Monday, February 9, 2015

Salerno on Hayek vs. Friedman on Monetary Policy

Joseph Salerno, academic vice president of the Mises Institute, professor of economics at Pace University, and editor of the Quarterly Journal of Austrian Economics, writes at the Mises blog:
Over the weekend Target Liberty posted a very compelling interview with Friedrich Hayek that I had never seen before.  The 30-minute interview took place at the University of Freiburg on May 31, 1980. The interviewer was Bernard Levin (1928-2004) an English journalist and author who was known in Great Britain as "the most famous journalist of his day."  Levin is very conversant with and sympathetic to Hayek's ideas and manages to draw out the best of Hayek, although a Misesian social rationalist one may have severe disagreements with the views Hayek expresses on the moral and legal foundations of a free society.  .  
Hayek at his best is on display in his uncompromising response to Levin's question about what policy Great Britain should pursue to extricate itself from the stagflationary crisis it was mired in.  Contrary to Milton Friedman who at the time counseled the Fed to implement a slow and steady reduction in money creation spread over three or four years, Hayek urged that a full dose of the disinflationary medicine be ingested all at once.  Hayek recognized that "both to stop inflation and restore a functioning market" by revoking trade union privileges would "cause a great deal of disorganization [and] an increase of unemployment which will be temporary."  Yet, Hayek continued:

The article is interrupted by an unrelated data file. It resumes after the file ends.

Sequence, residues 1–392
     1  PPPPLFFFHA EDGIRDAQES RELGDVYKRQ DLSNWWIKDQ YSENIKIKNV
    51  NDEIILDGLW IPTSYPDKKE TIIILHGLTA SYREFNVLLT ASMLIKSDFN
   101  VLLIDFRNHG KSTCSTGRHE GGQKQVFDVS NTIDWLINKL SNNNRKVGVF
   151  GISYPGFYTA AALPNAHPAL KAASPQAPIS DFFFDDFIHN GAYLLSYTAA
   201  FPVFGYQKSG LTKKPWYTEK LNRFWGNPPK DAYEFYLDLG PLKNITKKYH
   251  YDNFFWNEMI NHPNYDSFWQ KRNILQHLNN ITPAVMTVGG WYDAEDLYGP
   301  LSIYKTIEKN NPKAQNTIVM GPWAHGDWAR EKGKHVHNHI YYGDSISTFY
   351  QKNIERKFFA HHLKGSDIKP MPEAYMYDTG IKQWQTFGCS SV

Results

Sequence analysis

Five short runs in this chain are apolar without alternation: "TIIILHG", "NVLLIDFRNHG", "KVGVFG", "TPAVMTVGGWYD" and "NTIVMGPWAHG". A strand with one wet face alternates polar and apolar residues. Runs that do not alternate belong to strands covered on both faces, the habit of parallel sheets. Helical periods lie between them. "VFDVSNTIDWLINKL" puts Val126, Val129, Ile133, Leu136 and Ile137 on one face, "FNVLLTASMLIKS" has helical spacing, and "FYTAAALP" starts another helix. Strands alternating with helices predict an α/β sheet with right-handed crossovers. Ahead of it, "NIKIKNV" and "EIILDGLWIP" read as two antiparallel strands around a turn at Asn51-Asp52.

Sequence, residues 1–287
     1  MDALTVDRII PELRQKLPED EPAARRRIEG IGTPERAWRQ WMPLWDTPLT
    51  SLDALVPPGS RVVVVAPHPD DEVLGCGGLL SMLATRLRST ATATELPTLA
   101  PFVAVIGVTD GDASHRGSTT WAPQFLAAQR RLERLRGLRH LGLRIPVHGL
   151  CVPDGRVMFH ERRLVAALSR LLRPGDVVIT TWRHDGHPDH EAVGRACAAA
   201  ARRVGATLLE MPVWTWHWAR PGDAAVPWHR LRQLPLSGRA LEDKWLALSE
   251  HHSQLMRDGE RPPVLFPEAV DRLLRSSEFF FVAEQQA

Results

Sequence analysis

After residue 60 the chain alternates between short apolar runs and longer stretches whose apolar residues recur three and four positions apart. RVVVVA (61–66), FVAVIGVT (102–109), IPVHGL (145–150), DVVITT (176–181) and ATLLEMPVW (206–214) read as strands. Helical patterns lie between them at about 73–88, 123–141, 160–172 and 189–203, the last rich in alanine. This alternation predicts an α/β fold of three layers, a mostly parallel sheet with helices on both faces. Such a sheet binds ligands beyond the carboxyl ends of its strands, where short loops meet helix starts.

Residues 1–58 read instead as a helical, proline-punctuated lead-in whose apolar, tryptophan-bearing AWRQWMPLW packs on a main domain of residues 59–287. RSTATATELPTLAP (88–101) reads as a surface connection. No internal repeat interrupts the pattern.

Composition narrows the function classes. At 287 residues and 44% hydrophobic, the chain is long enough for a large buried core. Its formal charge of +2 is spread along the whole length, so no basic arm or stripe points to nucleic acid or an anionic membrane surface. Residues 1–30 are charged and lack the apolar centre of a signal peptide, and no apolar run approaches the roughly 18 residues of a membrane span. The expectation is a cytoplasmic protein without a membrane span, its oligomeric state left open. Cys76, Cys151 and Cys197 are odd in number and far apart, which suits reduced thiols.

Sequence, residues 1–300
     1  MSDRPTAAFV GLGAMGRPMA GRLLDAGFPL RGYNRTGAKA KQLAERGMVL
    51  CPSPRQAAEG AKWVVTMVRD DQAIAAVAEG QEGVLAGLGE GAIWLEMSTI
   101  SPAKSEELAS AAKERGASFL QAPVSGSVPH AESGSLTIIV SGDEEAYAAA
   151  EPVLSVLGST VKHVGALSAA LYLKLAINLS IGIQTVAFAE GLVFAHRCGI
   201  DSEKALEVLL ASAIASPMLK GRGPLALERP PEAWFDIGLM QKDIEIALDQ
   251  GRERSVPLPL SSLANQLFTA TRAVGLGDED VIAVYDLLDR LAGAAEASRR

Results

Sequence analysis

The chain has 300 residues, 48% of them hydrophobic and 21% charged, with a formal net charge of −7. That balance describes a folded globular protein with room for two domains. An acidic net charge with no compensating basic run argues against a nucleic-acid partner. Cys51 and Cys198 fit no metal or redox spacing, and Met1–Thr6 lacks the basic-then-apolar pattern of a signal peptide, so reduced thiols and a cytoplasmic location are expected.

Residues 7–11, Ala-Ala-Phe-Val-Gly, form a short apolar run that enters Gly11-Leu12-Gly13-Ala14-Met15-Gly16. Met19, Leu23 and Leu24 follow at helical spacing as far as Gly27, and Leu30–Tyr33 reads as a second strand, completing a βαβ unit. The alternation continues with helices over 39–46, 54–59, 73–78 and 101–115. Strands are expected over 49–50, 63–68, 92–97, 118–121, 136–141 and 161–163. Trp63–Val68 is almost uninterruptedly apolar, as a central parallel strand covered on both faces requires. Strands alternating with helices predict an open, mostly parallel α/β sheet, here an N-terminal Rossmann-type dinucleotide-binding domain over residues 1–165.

We have to face ourselves to very severe hardships if we are to return to that self-directing automatic [market] system. . . . Now my point about the whole thing, particularly inflation, is that you cannot drag out  the process slowly.  No government can stand a policy which would cause misery for three or four years.  You must get it over with in relatively few months.  And the idea that you can do it slowly and still succeed is a complete illusion. 
The interview is here.

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